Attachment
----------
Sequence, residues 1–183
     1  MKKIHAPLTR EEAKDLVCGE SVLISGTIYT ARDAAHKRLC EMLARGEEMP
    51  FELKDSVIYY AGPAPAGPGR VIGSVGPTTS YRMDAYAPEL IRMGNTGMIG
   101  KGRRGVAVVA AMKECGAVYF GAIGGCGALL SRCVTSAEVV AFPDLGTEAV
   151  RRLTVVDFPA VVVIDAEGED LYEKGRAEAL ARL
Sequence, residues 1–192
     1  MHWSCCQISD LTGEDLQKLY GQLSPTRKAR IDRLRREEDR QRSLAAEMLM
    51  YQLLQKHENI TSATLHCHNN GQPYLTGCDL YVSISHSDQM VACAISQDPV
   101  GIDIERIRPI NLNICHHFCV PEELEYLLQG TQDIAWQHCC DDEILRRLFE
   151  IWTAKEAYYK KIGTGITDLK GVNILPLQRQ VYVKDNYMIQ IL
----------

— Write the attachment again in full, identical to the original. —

Sequence, residues 1–183
     1  MKKIHAPLTR EEAKDLVCGE SVLISGTIYT ARDAAHKRLC EMLARGEEMP
    51  FELKDSVIYY AGPAPAGPGR VIGSVGPTTS YRMDAYAPEL IRMGNTGMIG
   101  KGRRGVAVVA AMKECGAVYF GAIGGCGALL SRCVTSAEVV AFPDLGTEAV
   151  RRLTVVDFPA VVVIDAEGED LYEKGRAEAL ARL
Sequence, residues 1–192
     1  MHWSCCQISD LTGEDLQKLY GQLSPTRKAR IDRLRREEDR QRSLAAEMLM
    51  YQLLQKHENI TSATLHCHNN GQPYLTGCDL YVSISHSDQM VACAISQDPV
   101  GIDIERIRPI NLNICHHFCV PEELEYLLQG TQDIAWQHCC DDEILRRLFE
   151  IWTAKEAYYK KIGTGITDLK GVNILPLQRQ VYVKDNYMIQ IL